If you haven’t noticed, the biggest CPA businesses have been getting even bigger over the past decade. There’s been significant consolidation, with larger practices acquiring small independent CPAs, and the trend appears to be continuing for the foreseeable future.

It’s no big surprise. The old saying that “two can live as cheaply as one” also applies to CPA practices. Consolidation through mergers and acquisitions allows CPAs to cut the cost of doing business by combining technology, support staff, marketing and other overhead costs. Business combinations often make it easier to provide more services to existing clients, whether by adding new services or a partner with specialized expertise.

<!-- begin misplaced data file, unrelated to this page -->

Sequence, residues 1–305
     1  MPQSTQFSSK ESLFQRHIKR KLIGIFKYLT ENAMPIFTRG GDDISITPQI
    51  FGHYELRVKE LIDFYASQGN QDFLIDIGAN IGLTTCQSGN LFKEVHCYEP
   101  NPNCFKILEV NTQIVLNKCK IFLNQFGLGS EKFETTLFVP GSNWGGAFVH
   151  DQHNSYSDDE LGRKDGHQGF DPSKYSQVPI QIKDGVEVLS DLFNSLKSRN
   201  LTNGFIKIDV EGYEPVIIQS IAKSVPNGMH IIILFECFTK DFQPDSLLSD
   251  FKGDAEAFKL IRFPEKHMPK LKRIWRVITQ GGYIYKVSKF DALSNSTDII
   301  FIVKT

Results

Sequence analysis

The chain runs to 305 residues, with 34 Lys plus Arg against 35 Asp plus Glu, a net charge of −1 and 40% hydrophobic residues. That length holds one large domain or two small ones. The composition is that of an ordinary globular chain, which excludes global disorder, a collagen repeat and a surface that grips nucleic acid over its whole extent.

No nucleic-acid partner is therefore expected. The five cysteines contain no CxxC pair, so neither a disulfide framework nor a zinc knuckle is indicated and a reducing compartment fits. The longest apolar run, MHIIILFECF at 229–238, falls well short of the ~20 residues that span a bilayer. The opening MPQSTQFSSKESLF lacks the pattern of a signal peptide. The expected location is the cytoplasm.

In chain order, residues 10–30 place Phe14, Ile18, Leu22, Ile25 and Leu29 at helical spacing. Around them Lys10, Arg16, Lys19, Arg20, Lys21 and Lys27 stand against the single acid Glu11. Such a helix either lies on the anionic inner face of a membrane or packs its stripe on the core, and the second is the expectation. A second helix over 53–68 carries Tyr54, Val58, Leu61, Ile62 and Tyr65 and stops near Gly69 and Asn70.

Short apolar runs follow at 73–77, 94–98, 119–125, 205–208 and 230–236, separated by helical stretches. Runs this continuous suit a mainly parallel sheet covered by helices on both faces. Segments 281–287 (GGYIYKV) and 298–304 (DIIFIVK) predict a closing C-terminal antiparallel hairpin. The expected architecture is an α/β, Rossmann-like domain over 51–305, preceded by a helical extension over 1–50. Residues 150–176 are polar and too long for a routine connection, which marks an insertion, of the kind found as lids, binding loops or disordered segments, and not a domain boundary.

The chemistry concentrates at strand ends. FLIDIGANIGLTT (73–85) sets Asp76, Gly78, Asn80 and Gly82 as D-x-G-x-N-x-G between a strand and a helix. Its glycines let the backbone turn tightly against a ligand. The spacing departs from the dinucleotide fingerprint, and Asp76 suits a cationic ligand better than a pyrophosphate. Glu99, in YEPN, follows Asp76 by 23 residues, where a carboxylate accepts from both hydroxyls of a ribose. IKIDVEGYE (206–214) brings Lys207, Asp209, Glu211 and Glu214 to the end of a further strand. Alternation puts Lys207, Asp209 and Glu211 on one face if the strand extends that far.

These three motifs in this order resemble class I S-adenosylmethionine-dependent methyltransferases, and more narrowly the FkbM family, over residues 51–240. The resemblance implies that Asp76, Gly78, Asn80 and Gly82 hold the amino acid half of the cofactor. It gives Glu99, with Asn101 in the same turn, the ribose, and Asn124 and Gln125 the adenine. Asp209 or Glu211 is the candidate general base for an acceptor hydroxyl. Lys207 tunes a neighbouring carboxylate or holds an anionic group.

If you’re committed to staying independent, you need to perform a serious analysis of your practice’s strengths and weaknesses. After all, you’re facing increased competition from all those larger practices. You may want to seek opportunities to build referral partnerships with noncompeting CPAs in your market, or choose to focus on a business niche that others have neglected.

At the very least, it’s time to sit down with your trusted advisors and sketch out a plan for the next few years of your business. Some people may assume that only a start-up needs to create a business plan, but these plans also provide an excellent opportunity to stop and take stock of where your business is in its life cycle, where you hope to be, and how to connect the two.

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